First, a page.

Hip-hop-o-potamus

I had a friend all through junior high and high school who was absolutely terrified of hippos. We went on a field trip to the zoo once, and everyone threatened to throw her in the hippo tank, just to see her freak out.  At the time it seemed pretty silly, but now, I realize she was on to something.

Hippos are the #1 killer in Africa. Well, technically AIDS is the #1 killer, but when it comes to animal attacks, hippos take first place.  Hippos can run at speeds of over 20 miles an hour and they have enormous jaws which host up to 20 inch canines(teeth, not dogs).  I know this is only really relevant to people who live in Africa or who are planning to visit, but still, it might help someone somewhere. I think you need to be aware that they are a threat and to not get close to them.

Animal Planet has a new 20 part series called the Deadly 60.  It is all about the 60 most lethal animals on earth.  It begins November 13 and will play every Friday at 9 pm on Animal Planet.  The crew travels across India, South Africa, Australia, Malaysia, Europe, United Kingdom, South America and North America. It should be pretty spectacular, like the series Planet Earth, but with deadly animals killing things instead of baby ducks falling out of trees.

Fun Hippo Facts:

  • The hippo’s closest living relative is the whale
  • Hippos can kill crocodiles
  • Hippos consume over 100 pounds of vegetation per day.
  • Hippos secrete a natural sunscreen that is colored red and eventually turns brown
  • The hippo is in danger of becoming extinct
  • Hippos can’t jump

Ferrets? really?

Are ferrets really banned in some places? Yes. Yes they are. In California, Hawaii and New York City.  Owners of ferrets believe that they are harmless and that children could do more harm to them than they could do to children. They say that ferrets just need to be taught not to nip at people, just like puppies are trained not to bite.  If you have read my previous post about pit bull attacks, that is not a very sound argument. Despite training, animals still have that wild streak and will attack.

One woman in California who has a ferret said this in defense, “Ferrets have the ultimate short attention span, so they have no capacity for meanness”. She wrote an article about laws regulating ferret ownership. She defends her position that ferrets are not at all a threat and should be legal.

In June of 1999, New York City’s health Department decided to uphold their ban on ferrets.  Click here to see their press release on the subject.

As with all pets. I think it comes down to responsible pet ownership.  People who choose to have ferrets need to educate themselves on what they are getting into.  Ferrets are much more high maintenance than dogs or cats.  They require constant attention, grooming and exercise.

 

So not as scary as a pit bull attack, but still. Rodents + babies = not a good idea. Ever.

Rabies

For those of you who are not quite sure what rabies is and why it is so bad, here is a short description: it is a virus that infects the central nervous system, ultimately causing disease in the brain and death. The early symptoms of rabies in people are similar to that of many other illnesses, including fever, headache, and general weakness or discomfort. As the disease progresses, more specific symptoms appear and may include insomnia, anxiety, confusion, slight or partial paralysis, excitation, hallucinations, agitation, increase in saliva, difficulty swallowing, and hydrophobia (fear of water). Death usually occurs within days of the onset of these symptoms.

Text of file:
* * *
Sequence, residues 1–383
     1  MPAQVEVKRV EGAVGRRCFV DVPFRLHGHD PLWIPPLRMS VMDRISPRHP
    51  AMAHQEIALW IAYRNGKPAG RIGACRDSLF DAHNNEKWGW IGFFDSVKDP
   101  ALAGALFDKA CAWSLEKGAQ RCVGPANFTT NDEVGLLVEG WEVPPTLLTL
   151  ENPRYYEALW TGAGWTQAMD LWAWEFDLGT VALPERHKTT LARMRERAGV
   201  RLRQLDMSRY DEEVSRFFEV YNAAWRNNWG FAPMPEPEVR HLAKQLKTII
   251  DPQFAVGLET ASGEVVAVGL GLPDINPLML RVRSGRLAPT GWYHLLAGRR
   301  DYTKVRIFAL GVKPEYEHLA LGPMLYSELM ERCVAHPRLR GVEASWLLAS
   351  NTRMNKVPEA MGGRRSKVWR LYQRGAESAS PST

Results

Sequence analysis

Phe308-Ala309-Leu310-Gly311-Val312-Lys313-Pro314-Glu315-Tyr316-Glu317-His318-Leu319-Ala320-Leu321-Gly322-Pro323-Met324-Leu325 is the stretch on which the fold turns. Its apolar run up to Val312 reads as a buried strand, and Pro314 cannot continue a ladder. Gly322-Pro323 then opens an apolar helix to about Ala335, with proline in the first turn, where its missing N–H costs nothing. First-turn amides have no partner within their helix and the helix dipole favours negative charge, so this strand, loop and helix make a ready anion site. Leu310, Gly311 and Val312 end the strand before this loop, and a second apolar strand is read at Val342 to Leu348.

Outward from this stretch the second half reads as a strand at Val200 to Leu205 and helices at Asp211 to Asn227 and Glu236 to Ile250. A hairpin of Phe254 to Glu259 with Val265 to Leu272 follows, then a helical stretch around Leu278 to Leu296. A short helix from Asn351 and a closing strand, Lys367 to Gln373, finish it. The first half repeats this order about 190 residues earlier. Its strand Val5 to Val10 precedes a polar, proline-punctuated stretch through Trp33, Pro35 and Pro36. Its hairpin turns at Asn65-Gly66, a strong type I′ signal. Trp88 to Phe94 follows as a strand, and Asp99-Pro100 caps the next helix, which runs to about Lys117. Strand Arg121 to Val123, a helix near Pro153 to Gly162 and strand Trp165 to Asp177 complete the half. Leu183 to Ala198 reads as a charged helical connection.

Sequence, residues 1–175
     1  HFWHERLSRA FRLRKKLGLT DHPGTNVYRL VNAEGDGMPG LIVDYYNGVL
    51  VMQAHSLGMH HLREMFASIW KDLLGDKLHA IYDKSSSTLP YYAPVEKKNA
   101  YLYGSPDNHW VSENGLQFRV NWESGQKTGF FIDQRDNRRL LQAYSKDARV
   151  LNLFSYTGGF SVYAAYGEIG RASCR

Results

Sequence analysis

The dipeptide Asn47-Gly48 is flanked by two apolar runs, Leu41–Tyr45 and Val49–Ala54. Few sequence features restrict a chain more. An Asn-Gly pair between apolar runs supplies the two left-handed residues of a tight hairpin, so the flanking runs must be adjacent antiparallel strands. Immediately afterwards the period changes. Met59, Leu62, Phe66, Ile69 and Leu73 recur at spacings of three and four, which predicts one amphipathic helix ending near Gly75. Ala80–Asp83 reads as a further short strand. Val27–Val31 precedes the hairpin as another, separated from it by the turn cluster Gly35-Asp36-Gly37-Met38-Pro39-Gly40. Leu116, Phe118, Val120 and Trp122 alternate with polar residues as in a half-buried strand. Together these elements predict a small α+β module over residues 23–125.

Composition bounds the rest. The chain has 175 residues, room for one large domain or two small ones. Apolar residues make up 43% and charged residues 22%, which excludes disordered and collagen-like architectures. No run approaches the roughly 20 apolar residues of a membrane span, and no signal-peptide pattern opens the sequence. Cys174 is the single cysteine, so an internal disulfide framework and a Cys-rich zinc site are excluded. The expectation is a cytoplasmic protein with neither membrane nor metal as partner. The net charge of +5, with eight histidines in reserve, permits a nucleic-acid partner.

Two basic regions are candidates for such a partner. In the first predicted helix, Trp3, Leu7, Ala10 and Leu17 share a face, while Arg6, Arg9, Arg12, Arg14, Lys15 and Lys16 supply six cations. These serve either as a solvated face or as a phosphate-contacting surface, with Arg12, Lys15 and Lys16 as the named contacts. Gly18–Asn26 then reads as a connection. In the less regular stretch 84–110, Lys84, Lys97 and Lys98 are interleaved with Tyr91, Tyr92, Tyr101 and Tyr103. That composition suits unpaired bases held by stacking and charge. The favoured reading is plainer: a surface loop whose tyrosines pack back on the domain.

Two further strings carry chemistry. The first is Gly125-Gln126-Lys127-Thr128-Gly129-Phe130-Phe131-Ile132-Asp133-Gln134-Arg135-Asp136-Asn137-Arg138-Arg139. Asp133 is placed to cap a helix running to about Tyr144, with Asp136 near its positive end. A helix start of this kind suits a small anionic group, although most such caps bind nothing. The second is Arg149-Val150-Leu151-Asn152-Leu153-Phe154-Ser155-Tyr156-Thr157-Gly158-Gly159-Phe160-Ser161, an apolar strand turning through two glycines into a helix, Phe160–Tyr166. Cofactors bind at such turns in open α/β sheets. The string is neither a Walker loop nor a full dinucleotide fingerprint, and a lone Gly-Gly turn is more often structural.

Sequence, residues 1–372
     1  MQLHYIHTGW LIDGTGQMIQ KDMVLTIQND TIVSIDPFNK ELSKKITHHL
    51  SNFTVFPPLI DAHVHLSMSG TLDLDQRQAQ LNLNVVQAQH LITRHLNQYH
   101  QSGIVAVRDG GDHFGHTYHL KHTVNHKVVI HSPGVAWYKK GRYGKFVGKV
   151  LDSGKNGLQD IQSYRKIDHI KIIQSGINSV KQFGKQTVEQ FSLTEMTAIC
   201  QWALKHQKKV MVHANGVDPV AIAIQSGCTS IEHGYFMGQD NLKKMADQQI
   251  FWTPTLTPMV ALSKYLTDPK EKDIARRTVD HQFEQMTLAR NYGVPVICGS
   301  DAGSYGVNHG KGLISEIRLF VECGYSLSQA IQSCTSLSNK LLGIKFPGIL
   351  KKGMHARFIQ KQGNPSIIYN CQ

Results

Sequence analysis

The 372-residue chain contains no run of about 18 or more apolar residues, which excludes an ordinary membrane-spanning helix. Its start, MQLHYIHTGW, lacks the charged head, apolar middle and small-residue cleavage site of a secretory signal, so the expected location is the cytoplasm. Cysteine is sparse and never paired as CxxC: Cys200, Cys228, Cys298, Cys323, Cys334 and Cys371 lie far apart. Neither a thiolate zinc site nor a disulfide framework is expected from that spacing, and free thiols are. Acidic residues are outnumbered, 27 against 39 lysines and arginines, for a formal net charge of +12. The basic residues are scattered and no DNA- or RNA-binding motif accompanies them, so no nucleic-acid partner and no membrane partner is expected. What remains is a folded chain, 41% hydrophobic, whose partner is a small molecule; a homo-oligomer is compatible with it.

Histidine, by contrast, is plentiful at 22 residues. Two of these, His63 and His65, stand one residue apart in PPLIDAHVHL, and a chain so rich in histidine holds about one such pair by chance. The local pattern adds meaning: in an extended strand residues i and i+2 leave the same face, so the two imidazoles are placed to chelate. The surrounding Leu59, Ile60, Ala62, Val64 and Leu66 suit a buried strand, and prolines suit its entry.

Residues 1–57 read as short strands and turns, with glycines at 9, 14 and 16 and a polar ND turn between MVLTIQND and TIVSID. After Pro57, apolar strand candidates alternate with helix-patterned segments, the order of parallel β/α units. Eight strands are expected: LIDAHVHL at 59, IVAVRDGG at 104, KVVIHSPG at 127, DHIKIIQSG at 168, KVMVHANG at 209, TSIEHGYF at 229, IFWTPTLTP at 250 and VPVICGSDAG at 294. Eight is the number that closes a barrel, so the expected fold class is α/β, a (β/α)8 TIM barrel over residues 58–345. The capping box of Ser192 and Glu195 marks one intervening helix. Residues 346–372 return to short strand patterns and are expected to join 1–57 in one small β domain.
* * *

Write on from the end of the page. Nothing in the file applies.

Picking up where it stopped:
Before 1960, the majority of animal cases reported to the CDC were domestic animals.  Now, more than 90% of all animal cases reported now occur in wildlife.  The principal rabies hosts today are wild carnivores (eg. raccoons, foxes, skunks, etc) and bats.

In the United States, human fatalities associated with rabies occur in people who fail to seek medical assistance, usually because they were unaware of their exposure. So now that you know what the signs and symptoms are, hopefully you will go to the doctor instead of staying home to die.

Although human rabies deaths are rare, the estimated public health costs associated with disease detection, prevention, and control have risen, exceeding $300 million annually. These costs include the vaccination of companion animals, animal control programs, maintenance of rabies laboratories, and medical costs, such as those incurred for rabies postexposure prophylaxis (PEP).

Bottom line is that you should avoid rabid animals.  Don’t try and pet the animals you see when you go hiking, or the ones who might be riffling through your garbage cans.

http://www.thetimesnews.com/news/rabies-38595-raccoon-exposure.html

bears

Who do we blame? The bears, or ourselves? There has been some debate as to whether or not we are responsible for the increased amount of bear attacks.  Some people say that we have encroached into their natural habitat, and others believe that bears are just vicious creatures who are out to get us.  In my opinion, bear attacks just occur as a result of being in  the wrong place, at the wrong time. I understand that people are sometimes foolish and provoke bears. But if they are doing that, I think they deserve to be attacked.